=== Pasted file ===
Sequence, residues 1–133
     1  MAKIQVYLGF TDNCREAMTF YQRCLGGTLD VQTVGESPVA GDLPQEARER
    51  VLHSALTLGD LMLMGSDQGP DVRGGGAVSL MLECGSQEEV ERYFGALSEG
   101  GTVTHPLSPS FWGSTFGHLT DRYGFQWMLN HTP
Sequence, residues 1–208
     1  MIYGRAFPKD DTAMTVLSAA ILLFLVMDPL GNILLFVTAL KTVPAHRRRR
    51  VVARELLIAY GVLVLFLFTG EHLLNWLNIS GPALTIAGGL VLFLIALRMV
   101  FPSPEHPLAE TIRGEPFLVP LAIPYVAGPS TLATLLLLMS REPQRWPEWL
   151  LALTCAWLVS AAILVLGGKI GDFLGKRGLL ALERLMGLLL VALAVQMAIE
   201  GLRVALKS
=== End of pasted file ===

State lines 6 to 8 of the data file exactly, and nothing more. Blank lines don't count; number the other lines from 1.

     1  MIYGRAFPKD DTAMTVLSAA ILLFLVMDPL GNILLFVTAL KTVPAHRRRR
    51  VVARELLIAY GVLVLFLFTG EHLLNWLNIS GPALTIAGGL VLFLIALRMV
   101  FPSPEHPLAE TIRGEPFLVP LAIPYVAGPS TLATLLLLMS REPQRWPEWL